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U.S. Senate hopefuls Ossoff, Terry meet local Democrats
Tomlinson also seeking to unseat Perdue
ossoff terry
Two of the party’s statewide hopefuls for one of Georgia’s two seats in the U.S. Senate, Clarkston Mayor Ted Terry, left, and investigative filmmaker Jon Ossoff, right, spoke to Bulloch County Democrats during their 2019 gala. - photo by AL HACKLE/Staff

Two of the party’s statewide hopefuls for one of Georgia’s two seats in the U.S. Senate, Clarkston Mayor Ted Terry and investigative filmmaker Jon Ossoff, spoke to Bulloch County Democrats during their 2019 gala.

Almost 150 people attended the Bulloch County Democratic Committee’s annual fundraising and awards-presentation dinner, Friday night, Oct. 4, in a banquet room at the Williams Center on the Georgia Southern University campus. The event had been delayed from the week of Hurricane Dorian.

A third Senate candidate, former Columbus Mayor Teresa Tomlinson, sent her campaign manager and a video. Ossoff, Terry and Tomlinson will face off in the May 19 primary for the Democratic nomination to challenge Republican incumbent Sen. David Perdue in the November 2020 general election.

“Even now David Perdue is saying that it can’t be done. He is saying that defeating him isn’t possible,” said Terry, the first to speak. “Well, I am here to say, and I know all of the other Democrats here running are here to say, that we will prove him wrong, because David Perdue thinks that Georgia wants a senator who cares more about being Trump’s right hand than representing and listening to everyday Georgians.”

After Terry became mayor of Clarkston, he decided it was more important to meet with constituents in local restaurants, coffee shops and parks than to have a nice office at City Hall, he said. So he had the door and interior walls of the mayor’s office removed.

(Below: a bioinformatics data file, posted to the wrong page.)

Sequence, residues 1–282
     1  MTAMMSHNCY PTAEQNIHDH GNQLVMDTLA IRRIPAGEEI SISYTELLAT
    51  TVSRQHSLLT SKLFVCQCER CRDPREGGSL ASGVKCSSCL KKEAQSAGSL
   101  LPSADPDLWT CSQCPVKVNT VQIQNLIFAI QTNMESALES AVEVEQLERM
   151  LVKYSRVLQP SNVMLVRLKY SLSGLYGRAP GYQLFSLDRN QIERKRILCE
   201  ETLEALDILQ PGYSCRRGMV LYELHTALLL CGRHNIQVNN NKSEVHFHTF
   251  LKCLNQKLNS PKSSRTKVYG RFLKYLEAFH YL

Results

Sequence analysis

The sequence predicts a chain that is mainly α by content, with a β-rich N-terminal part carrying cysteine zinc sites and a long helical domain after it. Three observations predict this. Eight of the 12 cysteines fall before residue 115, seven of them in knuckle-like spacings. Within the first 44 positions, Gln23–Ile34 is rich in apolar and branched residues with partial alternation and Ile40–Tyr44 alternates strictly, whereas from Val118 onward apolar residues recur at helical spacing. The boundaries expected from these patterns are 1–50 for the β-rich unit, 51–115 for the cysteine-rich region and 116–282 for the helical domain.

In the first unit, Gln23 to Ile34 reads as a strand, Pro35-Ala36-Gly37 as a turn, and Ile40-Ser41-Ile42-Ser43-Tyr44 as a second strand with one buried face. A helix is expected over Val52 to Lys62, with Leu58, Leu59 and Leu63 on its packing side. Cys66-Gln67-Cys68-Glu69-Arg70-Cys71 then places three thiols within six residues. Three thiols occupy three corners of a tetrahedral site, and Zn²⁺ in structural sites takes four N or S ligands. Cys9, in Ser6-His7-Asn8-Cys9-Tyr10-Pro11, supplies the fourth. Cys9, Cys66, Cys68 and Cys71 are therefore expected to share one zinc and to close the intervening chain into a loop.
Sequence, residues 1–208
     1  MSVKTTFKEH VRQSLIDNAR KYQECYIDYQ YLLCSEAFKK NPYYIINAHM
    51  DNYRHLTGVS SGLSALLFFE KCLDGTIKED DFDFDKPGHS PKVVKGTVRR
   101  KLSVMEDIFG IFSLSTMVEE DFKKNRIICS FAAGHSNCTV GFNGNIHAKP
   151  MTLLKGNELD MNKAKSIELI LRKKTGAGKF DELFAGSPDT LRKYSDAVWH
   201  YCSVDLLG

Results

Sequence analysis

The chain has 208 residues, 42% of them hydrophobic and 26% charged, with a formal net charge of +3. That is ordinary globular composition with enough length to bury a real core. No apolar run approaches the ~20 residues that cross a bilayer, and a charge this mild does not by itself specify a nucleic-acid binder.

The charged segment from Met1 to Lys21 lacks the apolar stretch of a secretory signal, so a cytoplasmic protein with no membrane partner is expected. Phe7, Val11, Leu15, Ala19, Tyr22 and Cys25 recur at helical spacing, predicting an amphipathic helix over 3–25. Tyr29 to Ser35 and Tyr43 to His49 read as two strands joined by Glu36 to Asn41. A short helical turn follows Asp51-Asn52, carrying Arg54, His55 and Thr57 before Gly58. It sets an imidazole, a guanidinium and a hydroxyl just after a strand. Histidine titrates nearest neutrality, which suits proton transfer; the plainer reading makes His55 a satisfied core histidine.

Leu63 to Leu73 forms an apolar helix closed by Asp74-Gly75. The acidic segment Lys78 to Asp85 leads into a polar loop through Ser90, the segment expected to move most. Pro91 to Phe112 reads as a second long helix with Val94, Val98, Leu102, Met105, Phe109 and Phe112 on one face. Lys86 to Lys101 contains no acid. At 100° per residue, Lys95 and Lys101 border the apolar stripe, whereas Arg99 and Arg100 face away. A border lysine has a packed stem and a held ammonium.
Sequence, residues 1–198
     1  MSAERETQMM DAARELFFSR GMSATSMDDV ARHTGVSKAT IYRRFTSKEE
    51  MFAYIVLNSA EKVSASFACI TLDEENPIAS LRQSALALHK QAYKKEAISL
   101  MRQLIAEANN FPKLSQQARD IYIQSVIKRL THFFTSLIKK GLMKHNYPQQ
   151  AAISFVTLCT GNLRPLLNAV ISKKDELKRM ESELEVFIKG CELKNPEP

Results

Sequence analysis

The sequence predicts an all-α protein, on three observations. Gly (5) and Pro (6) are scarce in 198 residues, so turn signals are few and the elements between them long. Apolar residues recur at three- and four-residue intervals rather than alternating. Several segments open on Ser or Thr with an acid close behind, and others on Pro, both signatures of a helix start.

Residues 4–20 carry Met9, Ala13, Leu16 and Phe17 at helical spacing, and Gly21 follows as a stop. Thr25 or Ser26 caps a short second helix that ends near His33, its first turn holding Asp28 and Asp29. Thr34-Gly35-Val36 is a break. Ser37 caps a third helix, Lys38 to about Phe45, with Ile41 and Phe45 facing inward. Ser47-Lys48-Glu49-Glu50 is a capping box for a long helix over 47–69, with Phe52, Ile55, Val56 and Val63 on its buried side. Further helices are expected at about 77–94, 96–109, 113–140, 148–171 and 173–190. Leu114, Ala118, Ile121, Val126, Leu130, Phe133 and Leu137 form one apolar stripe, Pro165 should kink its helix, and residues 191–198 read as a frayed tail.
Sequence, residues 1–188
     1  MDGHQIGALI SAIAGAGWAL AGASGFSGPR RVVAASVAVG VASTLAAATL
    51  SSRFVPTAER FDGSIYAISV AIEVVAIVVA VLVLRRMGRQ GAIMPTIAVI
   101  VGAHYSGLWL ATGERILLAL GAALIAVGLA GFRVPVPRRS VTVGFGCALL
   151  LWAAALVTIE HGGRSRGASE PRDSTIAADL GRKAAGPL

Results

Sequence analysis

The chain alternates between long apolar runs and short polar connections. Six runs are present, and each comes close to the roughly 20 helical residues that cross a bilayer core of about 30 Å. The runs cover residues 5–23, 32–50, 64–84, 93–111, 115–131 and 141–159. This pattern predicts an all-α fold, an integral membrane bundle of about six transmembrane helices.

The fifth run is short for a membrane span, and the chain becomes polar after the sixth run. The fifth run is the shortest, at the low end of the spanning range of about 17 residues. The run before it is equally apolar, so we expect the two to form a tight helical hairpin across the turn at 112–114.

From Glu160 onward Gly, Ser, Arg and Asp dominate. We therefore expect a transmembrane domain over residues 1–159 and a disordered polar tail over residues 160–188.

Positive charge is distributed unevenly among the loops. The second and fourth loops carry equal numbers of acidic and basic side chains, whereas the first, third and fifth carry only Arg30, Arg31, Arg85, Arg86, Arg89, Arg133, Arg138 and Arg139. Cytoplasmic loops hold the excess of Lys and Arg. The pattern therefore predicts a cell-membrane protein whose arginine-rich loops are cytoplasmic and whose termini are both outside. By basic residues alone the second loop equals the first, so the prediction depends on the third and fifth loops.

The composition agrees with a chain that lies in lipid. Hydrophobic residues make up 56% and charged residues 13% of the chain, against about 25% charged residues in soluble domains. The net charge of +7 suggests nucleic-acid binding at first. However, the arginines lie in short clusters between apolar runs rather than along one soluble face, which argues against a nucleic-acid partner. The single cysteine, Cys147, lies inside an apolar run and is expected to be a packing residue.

“David Perdue, on the other hand, has been senator for almost five years now and he has yet to hold a single town-hall meeting,” Terry asserted. “He thinks that the only people he has to listen to are the corporate lobbyists and the corporate PACs (political action committees), the people running our country that are funding his campaign.”

The gala’s printed program and Terry himself both referred to Clarkston, of which he has been mayor since January 2014, as “the most ethnically diverse square mile in America.” The town in DeKalb County near Atlanta has about 13,000 people by recent estimates, and about 50 percent of those residents were born in other countries, he said.

“We’ve been resettling refuges and welcoming asylum seekers for over 40 years,” Terry said in an interview before dinner.


Terry’s town

Terry and his town have made several policy moves that have turned heads among progressives. He and Clarkston City Council raised the minimum wage for city employees to $15 and made each Election Day a city holiday.

More influentially statewide, Clarkston under his leadership “decriminalized” simple misdemeanor marijuana possession three years ago.

Terry noted that a dozen other Georgia cities have since decriminalized possession of less than one ounce of marijuana, from Atlanta and South Fulton to Savannah and little Ludowici.

The Clarkston policy is technically similar to what Statesboro City Council enacted last December as a “cite and release” ordinance. Police acting under the city ordinance issue a ticket, leading to a potential fine but no jail time. But Clarkston’s fine is $75; Statesboro’s maximum fine is $500. Police in both cities retain discretion to make an arrest, resulting in jail time, under the state law.